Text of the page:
” Estimates show about 60 percent of jobs in Delaware will require a college degree by 2020, but we are only on track for about 38 percent of adults to have a college degree. And, our current data shows that of 100 ninth-graders, only about 30 are seamlessly enrolling in college and then persisting to their sophomore year.” Mark Murphy, Delaware’s Secretary of Education.
“60% of jobs require a college degree….”
In the spring of 2008, Delaware’s employment peaked at 440,000 jobs. (Today it is at 425,000). Therefore of those, by 2020, at 60% there will be 264,000 jobs requiring a college degree, and 176,000 not requiring that degree. Of course this includes all Delawareans, from age 65 on down.
Each year we graduate about 10,000 students. 30% of those are progressing past the first year of college on a four year program. That makes 3000 of our graduates entering the job market 4 years later with a completed college degree.
How many years does one work on the average? 44? From age 21 to age 65? If so then in Delaware, we currently have 10,000 jobs opening up every year because of retirement… (440,000 / 44 years = 10,000) If averages apply then 60% or 6,000 of those jobs opening up will require a college degree and 40% or 4000 will not.
So each year we have those 3000 who finished in 4 years, capable of going into 6,000 college-degree-required openings… giving us a supposed deficit of 3000 capably-trained people or knowledgeable workers each year.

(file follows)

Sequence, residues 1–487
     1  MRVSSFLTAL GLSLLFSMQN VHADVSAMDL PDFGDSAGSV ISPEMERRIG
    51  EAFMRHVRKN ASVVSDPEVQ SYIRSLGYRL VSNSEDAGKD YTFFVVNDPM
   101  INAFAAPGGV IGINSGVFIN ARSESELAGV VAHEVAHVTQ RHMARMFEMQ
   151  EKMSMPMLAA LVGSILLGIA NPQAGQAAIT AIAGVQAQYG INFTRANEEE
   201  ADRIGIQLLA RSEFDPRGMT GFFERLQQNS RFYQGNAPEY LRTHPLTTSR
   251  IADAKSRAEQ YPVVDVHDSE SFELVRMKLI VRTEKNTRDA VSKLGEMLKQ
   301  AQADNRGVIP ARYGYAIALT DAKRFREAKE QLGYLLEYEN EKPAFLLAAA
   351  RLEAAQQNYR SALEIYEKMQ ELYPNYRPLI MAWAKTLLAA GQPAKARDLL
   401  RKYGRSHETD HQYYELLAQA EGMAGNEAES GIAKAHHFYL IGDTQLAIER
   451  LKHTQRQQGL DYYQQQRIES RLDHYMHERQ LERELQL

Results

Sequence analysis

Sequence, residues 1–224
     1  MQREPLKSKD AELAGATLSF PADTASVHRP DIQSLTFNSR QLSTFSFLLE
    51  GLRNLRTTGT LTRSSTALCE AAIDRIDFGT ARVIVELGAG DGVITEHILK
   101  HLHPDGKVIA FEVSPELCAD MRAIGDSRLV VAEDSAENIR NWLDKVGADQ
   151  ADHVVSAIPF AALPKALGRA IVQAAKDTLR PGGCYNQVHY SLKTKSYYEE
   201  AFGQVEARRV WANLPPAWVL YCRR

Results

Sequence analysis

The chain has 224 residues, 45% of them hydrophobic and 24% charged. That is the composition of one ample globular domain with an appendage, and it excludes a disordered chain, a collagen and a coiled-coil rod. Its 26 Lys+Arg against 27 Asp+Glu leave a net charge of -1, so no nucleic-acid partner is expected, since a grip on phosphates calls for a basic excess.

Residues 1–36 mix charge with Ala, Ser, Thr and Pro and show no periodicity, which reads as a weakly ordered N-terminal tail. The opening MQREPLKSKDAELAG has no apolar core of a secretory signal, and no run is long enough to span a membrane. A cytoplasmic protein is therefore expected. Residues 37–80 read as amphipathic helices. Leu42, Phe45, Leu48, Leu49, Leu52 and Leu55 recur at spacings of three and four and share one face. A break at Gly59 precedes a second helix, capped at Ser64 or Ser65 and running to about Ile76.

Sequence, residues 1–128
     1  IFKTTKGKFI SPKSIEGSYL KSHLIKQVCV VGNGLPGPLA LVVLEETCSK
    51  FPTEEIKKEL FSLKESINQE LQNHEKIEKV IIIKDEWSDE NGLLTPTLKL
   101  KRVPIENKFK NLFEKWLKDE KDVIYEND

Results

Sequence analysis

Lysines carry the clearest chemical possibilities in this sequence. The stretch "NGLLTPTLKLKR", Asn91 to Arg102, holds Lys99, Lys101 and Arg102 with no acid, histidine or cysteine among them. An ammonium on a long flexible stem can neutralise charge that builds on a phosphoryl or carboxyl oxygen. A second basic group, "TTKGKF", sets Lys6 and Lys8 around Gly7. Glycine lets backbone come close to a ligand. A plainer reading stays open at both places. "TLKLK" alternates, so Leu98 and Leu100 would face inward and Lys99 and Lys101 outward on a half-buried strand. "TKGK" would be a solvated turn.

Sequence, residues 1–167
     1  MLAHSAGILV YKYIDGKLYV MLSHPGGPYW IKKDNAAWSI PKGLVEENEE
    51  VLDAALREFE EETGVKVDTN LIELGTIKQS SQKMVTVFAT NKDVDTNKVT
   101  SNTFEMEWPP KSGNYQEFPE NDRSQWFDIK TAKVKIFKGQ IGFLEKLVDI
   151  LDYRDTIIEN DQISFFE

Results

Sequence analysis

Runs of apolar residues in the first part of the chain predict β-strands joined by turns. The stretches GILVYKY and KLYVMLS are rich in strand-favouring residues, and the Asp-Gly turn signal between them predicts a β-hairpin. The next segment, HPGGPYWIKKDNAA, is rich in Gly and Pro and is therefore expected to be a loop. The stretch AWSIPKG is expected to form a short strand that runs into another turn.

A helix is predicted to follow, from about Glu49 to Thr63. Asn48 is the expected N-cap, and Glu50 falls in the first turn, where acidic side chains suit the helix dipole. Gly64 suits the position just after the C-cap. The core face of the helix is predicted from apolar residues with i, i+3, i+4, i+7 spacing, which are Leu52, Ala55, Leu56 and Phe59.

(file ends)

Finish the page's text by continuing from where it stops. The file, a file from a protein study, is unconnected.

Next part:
In other words we will have to go out of state to find those 3000 jobs a year, and those 3000 high school graduates who didn’t finish college in 4 years will be unemployed.
At first glance it looks like we have a number. Proof that Common Core will do some good after all… Imagine my excitement! Finally after all these months!
Alas, it was not to be. For in each class of University of Delaware’s graduates, only 68% graduate in 4 years. 77% have graduated in 6 years. Leaving an additional 7% who get their degrees over 6 years time. (13.9% are not counted at all; transfers)
There are close to 17,505 undergraduates at the University of Delaware alone. By forcing the mix of those graduating without taking a break, one is discounting at least 9% of the University of Delaware’s students alone, who will graduate with a degree, just as good as one belonging to someone graduating in 4 years. Assuming equal distribution among classes, that puts 4300 per class. The 9% and 7% who will graduate late, amount to 2800 of the total each year…
Remember the deficit of 3000 Delaware jobs not finding college degrees from those graduating in 4 years? Well 2800 of those 3000 jobs just got filled from local graduates who took longer to finish college, every year.
So this huge push, to revamp our entire educational system because we are falling behind internationally, is just not so. We have more college graduates now, than jobs available. That is why we have unemployment. We are already on slate to have sufficient college graduates to fill in all those 60% of our workforce needed in 2020…
The trick was their specifying finishing in 4 continuous years. Nationally very few college graduates are finishing in 4 years. Counting those college graduates taking longer than 4 years, there is no deficit at all.